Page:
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In this part of the manual you will learn:
how to connect to an existing database,
how to create a database,
and some things you should know about Firebird SQL.
In as much as remote connections are involved, we will use the recommended TCP/IP protocol.
If you want to connect to a database or create one you have to supply, amongst other things, a connection string to the client application (or, if you are a programmer, to the routines you are calling). A connection string uniquely identifies the location of the database on your computer, local network, or even the Internet.
An explicit local connection string consists of the path + filename specification in the native format of the filesystem used on the server machine, for example
on a Linux or other Unix-like server:
on a Windows server:
Many clients also allow relative path strings (e.g.
but you should use them with caution, as it's not always obvious how
they will be expanded. Getting an error message is annoying enough,
but applying changes to another database than you thought you were
connected to may be disastrous.
Instead of a file path, the local connection string may also be
a database alias that is defined in
aliases.conf, as mentioned earlier. The format of
the alias depends only on how it's defined in the aliases file, not on
the server filesystem. Examples are:
If your local connections fail, it may be because the local
protocol isn't working properly on your machine. If you're running
Windows Vista, 2003 or XP with terminal services enabled, this can
often be fixed by setting
Global\FIREBIRD in the configuration file
firebird.conf (don't forget to uncomment the
parameter and restart the server). In Firebird 2.0.1,
Global\FIREBIRD is already the default on
TS-enabled Windows systems.
IpcName doesn't help and you
don't get the local protocol enabled, you can always work around the
problem by putting “
before your database paths or aliases, thus turning them into TCP/IP
connection strings (discussed below).
A TCP/IP connection string consists of:
a server name or IP address
a colon (“
either the absolute path + filename on the server machine, or an alias defined on the server machine.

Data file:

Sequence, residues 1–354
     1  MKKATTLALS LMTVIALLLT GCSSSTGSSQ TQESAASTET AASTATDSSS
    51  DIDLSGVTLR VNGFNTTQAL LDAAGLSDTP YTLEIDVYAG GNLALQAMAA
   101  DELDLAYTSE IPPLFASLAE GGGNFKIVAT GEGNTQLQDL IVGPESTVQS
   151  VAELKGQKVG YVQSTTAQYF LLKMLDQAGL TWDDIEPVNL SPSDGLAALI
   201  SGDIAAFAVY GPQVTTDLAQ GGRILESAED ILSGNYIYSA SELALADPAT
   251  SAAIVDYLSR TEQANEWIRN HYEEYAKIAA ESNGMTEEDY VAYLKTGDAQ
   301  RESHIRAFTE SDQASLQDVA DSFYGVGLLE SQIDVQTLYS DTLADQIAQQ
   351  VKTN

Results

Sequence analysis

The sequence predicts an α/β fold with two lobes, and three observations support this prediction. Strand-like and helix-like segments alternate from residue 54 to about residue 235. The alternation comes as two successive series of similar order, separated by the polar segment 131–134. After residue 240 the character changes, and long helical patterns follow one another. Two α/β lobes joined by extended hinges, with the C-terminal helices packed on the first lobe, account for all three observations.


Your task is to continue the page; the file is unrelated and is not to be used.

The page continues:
Notice how the aliased connection strings don't give any clue about the server OS. And they don't have to, either: you talk to a Linux Firebird server just like you talk to a Windows Firebird server. In fact, specifying an explicit database path is one of the rare occasions where you have to be aware of the difference.
If you move or copy the sample database, be sure to place it on a hard disk that is physically attached to your server machine. Shares, mapped drives or (on Unix) mounted SMB (Samba) filesystems will not work. The same rule applies to any databases that you create or use.
Connecting to a Firebird database requires the user to
authenticate with a user name and a valid password. In order to work
with objects inside the database – such as tables, views, etc. – you
also need explicit permissions on those objects, unless you own them
(you own an object if you have created it) or if you're connected as
SYSDBA. In the example database
employee.fdb, sufficient permissions have been
granted to PUBLIC (i.e. anybody who cares to
connect) to enable you to view and modify data to your heart's
For simplicity here, we will look at authenticating as SYSDBA using the password
masterkey. Also, to keep the lines in the examples
from running off the right edge, we will work with local databases and
use relative paths. Of course everything you'll learn in these sections
can also be applied to remote databases, simply by supplying a full
TCP/IP connection string.
Firebird ships with a text-mode client named
isql (Interactive SQL utility). You can use it
in several ways to connect to a database. One of them, shown below, is